Old 04-06-2001, 05:09 PM
Wm. Lewallen
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Rick,
Don't despair! Help is on the way. Strange, but none of the 'experts' mentioned the fact that you can buy the whole thermostat housing for around $40. No hassle trying to get the broken screw out and no trips to the machine shop. With a new housing you wind up with all new screws.
Bill Lewallen Lexington,Ky. The Bluegrass State Where the grass is really green,and so is our antifreez.
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  #10  
Old 04-06-2001, 05:12 PM
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Sorry to waste bandwith , but my reply should say "I WOULDNT leave it" . Just my humble opinion.
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  #11  
Old 04-06-2001, 08:40 PM
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Thank you for all the advice guys/gals. I am definetly not going to just drive it as is, if it can be avoided. As it sits now there is no stud sticking out to grab, it broke pretty much flush with the cover. I completely forgot about galvanic corosion. You would think that the engineers at MB would of forseen this problem. Right now it looks like I have a couple of options. Try to remove the other two and hope for the best. Then remove the broken stud. Then there is Lewallen's idea and buy a new housing. At least for time being the car is driveable, she has all the coolant she needs and all the clamps are tight. The only weak link is that thermostat cover.
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  #12  
Old 04-06-2001, 09:20 PM
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Just another $.03 worth

Greetings Rick,

Several of the above threads provided the right info to get the job done or at least put you on the path to a repair or replacement. If you haven't ever removed the elbow before, then I doubt if it would leak if you pull all the bolts out. These little thermostats they have for these MB have a rubber o-ring seal that surrounds the thermostat and after a week or so of driving they pretty well seal to the aluminum housing. I know, it took several blows from a rubber mallet to even free mine after the bolts had been removed. You simply have a few choices as was already mentioned, but don't worry about it leaking in the mean time, it won't. I like Bill's idea of finding a source for the elbow, in case you do need it, and then remove the other two bolts and let some penetrating oil sit around the threads of the broken bolt for an hour or so, then heat it up and simply remove it with a vice grips. Make the grip tight the first time though, so it doesn't chew up the remaining stud. The easy out method will also work if you don't use a chineese made easy out, but one that was actually forged out of steel and then hardened. Like bill says, the elbow can always be replaced if all else fails, so you're not SOL on this repair. I'll trade you repairs, I'll do your elbow if you pull my IP and retime it?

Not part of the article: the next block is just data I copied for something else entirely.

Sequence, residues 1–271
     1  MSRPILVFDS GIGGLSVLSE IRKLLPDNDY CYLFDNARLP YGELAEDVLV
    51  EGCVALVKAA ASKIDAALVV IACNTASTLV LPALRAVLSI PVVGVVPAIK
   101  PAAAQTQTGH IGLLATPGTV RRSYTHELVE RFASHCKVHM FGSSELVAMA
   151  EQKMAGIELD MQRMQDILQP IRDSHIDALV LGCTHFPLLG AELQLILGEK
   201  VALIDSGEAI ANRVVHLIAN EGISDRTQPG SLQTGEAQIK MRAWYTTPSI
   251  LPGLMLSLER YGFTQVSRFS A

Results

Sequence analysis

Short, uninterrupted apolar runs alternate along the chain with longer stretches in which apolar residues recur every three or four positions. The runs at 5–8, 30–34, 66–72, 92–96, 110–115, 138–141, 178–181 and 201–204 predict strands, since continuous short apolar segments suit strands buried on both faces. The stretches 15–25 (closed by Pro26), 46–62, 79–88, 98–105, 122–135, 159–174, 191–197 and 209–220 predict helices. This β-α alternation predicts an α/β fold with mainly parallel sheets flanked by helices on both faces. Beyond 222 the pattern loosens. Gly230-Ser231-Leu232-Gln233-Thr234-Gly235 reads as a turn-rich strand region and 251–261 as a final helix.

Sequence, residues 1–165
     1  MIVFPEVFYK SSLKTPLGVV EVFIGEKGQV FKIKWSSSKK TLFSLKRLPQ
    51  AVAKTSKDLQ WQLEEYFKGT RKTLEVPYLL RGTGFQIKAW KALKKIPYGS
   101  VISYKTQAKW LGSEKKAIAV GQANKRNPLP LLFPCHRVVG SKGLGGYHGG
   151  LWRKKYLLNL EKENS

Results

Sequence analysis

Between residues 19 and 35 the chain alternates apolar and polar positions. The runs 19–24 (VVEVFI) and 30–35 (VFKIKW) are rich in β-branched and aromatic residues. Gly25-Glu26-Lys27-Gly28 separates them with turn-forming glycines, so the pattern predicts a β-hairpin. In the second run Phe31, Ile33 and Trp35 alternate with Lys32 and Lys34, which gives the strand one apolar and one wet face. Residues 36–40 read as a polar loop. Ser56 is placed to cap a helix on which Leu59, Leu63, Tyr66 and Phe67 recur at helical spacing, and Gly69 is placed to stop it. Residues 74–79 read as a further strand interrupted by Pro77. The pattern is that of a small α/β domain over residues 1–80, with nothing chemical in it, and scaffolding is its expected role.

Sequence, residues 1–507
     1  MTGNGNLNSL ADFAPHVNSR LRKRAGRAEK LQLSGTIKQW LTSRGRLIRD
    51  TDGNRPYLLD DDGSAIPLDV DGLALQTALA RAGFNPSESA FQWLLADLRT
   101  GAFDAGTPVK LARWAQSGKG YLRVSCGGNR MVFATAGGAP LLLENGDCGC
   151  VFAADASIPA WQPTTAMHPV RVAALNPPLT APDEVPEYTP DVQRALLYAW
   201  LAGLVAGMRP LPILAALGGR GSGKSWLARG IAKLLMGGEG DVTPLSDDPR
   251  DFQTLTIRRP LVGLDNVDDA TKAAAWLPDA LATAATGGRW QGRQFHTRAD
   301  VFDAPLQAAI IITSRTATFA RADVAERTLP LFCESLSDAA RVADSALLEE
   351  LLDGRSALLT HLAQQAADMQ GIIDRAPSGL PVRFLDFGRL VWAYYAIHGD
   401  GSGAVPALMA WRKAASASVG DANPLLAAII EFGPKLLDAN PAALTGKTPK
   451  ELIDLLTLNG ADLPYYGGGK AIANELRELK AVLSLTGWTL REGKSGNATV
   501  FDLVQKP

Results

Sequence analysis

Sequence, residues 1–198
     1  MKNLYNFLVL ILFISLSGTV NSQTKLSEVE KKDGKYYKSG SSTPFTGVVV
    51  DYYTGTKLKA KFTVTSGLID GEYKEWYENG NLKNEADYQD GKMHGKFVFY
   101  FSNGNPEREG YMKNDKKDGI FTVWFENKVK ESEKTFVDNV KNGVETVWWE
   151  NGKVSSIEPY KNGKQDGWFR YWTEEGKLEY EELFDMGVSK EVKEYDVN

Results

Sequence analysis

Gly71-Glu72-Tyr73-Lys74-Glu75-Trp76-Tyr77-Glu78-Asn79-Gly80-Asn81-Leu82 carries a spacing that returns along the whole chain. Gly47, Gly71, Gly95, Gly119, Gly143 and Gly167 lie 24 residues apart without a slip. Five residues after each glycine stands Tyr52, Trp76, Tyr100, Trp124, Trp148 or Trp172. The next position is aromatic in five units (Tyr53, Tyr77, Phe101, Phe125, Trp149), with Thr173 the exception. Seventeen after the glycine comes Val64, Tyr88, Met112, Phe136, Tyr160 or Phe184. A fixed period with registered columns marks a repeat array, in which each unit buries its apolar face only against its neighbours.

Charles
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  #13  
Old 04-07-2001, 12:53 AM
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I have already tried to source a new thermostat housing but couldn't find any. I don't know where he got the $40 figure from. I looked up in the "Fastlane" and well as an outfit callled "thebenzbin". No luck. I would like to get this situation corrected. The reason I am changing out the thermostat is just for a piece of mind. I don't know when the previous owner changed it last. So I look at it as cheap insurance against a overheated engine.
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1999 MB SL500 (101,000 mi)
1983 Porsche 911SC (149,000 mi)
2004 Volvo V70 2.5T (205,000 mi)
2014 Tesla Model S 85 (75,000 mi)
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MBCA member
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  #14  
Old 04-07-2001, 09:09 PM
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Give these folks a try for a replacement

Greetings Rick,

Give these folks a try out in Oregan, just follow the link. Can't see why you would need a new part, buy a guaranteed used one, for cheap and you'll have your part.


http://www.mercedesusedparts.com/116-123-126.htm#116


Charles

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  #15  
Old 04-07-2001, 09:37 PM
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Thanks I'll give them a try. The weather here in NJ has been rainy and cold for the last 2 days, so I haven't messed with the car since the "bolt incident".
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2014 Tesla Model S 85 (75,000 mi)